Chinese Education indicates the pride of the Chinese community. Its accomplishments are attributed to the sacrifice of our ancestors. The founder of Nanyang Siang Pau, Mr. Chen Jia Ken, devoted himself to Chinese education and was saluted by the Chinese community. In general, Malaysian Chinese are mostly very concerned about education and are always enthusiastic about contributing to it either in the form of money or kind to provide a better learning environment for the younger generations.

For the past 17 years, the Malaysia Top 10 Artistes Charity Show organized by Nanyang Siang Pau has been one of the major fund-raising projects for Chinese schools. The Top 10 local singers are selected yearly through the mechanism of newspaper voting (15%), online voting (15%) and 100 professional forums (70%). The 10 selected artistes are invited to perform in Top 10 Charity Road Shows and travel throughout the country to help the schools raise funds. Some 400 Chinese primary schools, independent schools and higher learning institutions benefit from this project. The total collection of donations so far is about RM200 million (approximately \6.2 billion).

As the main coordinator for the Top 10 Charity Show, I am deeply impressed by the eagerness of the Chinese schools and support from the community. Last year, the total funds raised by one of the Independent schools in Muar, Johore state, amounted to RM3 million (approximately \93 million), despite the economic stagnation in Malaysia. The teachers and students went all out to reach the targeted donations within 2 months under the strategy initiated by the principal.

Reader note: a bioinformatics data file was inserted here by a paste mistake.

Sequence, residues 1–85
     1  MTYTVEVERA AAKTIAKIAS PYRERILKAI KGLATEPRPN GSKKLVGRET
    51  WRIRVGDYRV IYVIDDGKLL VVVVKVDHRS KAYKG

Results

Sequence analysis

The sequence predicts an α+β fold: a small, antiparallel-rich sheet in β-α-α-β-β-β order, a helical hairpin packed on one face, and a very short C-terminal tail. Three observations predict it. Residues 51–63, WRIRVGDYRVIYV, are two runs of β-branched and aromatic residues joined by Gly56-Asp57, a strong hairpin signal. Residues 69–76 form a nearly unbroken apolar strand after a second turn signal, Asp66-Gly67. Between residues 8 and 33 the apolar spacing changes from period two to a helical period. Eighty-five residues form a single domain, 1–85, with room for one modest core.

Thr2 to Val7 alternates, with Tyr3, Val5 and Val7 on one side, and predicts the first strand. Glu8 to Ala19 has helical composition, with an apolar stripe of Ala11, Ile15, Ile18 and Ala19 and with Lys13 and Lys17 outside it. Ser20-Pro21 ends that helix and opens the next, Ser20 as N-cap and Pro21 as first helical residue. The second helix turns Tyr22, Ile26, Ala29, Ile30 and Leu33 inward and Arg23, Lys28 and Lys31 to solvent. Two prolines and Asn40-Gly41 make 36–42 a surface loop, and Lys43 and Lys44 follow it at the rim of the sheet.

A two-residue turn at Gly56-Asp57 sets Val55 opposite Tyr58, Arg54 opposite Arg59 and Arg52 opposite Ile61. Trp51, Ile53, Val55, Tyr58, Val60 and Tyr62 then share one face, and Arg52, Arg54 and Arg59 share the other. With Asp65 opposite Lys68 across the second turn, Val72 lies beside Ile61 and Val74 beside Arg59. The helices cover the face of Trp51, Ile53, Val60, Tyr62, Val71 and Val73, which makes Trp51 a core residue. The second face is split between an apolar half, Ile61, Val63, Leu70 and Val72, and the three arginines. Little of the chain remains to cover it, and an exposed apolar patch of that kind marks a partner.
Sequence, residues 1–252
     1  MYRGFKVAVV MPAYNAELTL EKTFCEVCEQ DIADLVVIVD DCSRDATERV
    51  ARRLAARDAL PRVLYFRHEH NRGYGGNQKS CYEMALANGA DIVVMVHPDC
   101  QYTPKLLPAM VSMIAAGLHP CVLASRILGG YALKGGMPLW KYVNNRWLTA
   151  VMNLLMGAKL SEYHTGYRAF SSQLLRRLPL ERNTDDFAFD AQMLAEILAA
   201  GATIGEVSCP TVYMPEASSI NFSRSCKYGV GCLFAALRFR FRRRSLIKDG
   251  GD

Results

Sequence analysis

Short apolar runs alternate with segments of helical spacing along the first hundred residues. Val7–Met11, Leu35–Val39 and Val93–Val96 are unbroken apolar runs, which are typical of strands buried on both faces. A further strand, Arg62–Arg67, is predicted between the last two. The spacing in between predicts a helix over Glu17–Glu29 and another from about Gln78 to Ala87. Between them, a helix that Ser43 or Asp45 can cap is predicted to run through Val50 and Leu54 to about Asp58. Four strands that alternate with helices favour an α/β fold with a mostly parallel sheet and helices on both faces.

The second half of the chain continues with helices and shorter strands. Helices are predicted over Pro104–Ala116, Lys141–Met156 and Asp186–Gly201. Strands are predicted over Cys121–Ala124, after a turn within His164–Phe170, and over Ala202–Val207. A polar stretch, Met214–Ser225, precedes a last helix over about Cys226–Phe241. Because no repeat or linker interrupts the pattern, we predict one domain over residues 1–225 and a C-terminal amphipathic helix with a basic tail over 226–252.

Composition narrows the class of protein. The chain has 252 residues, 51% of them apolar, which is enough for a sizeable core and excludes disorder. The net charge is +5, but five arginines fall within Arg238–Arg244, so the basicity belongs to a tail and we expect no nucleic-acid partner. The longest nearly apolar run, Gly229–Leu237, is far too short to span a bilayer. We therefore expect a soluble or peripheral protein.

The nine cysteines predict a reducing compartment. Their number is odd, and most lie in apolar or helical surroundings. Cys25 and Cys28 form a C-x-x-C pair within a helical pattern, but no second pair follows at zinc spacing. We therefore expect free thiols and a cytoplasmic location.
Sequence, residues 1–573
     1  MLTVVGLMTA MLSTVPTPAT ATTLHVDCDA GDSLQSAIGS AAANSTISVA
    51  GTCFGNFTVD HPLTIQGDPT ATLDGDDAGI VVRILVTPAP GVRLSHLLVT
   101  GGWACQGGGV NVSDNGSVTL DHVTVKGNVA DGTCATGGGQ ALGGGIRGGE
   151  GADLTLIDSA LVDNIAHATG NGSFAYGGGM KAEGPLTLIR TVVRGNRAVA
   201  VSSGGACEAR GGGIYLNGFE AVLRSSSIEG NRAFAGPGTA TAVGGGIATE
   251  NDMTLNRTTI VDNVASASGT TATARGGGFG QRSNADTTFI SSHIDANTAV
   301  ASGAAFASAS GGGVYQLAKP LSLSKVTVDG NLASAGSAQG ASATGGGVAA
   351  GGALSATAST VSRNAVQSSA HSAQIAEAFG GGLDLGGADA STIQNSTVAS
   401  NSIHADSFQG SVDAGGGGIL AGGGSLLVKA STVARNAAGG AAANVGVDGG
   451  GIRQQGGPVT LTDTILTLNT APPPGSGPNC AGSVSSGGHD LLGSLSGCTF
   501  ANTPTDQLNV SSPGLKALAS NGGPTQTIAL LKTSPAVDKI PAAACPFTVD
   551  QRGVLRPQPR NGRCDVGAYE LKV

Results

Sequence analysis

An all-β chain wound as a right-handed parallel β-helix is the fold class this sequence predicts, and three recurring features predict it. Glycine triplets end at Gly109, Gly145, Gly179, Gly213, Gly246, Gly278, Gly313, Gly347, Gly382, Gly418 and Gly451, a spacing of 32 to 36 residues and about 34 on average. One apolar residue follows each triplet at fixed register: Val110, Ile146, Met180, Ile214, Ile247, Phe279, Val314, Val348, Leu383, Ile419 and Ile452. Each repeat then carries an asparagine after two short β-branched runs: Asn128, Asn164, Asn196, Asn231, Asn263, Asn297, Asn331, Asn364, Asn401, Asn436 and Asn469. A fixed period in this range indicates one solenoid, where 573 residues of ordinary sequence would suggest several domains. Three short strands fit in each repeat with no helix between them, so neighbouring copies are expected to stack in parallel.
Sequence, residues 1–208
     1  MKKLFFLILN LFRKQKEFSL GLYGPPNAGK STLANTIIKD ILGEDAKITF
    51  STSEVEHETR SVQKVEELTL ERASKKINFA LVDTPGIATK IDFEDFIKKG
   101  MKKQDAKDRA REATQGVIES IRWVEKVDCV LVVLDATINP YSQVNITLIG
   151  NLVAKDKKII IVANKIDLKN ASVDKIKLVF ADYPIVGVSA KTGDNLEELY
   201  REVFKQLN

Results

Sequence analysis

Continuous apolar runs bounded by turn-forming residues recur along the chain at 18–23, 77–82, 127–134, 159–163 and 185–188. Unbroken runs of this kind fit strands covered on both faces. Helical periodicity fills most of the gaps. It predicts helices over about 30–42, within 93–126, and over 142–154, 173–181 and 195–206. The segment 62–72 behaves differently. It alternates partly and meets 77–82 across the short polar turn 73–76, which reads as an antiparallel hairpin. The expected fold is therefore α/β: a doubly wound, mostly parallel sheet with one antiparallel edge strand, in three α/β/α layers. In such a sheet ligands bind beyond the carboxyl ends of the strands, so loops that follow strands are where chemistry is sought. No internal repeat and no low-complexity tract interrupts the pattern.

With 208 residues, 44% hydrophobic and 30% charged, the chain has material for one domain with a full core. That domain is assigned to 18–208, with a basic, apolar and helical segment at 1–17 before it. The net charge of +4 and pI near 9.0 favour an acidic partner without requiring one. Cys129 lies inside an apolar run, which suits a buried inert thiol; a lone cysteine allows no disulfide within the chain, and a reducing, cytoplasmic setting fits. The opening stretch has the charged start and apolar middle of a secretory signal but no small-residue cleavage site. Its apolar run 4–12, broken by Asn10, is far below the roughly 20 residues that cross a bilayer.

Fund-raising activities for Chinese schools receive an overwhelmingly positive response from the Chinese community. Meanwhile, the contributions of open-minded non-Chinese leaders should not be overlooked; it would not be a total success without their blessing. Non-Chinese ministers and assemblymen also supported the schools by contributing part of their allocations.

The United Chinese School Teachers Association, strongly supported by thousands of guilds and associations, plays an important role in preserving the rights and current status of Chinese education. They pledge the government to build new Chinese schools to accommodate the dramatic increase of students in certain areas. Some schools in rural areas with less than 10 students have been moved successfully to high-density residential areas.

Malaysia is the only country outside China that possesses a Chinese school education system. Although Chinese education is a sensitive political issue, the outlook for Chinese education is optimistic as more and more English-educated parents send their children to Chinese schools. As a Malaysian Chinese, I am grateful for having had the opportunity to learn my mother tongue and the excellent Chinese culture. Despite some arguments related to Chinese education, I am indeed indebted to the contributions and sacrifices of all parties concerned who have enabled us to preserve the identity of Malaysian Chinese.

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The author is a guest researcher at The Asahi Shimbun Asia Network. She is a columnist for Nanyang Siang Pau newspaper in Malaysia.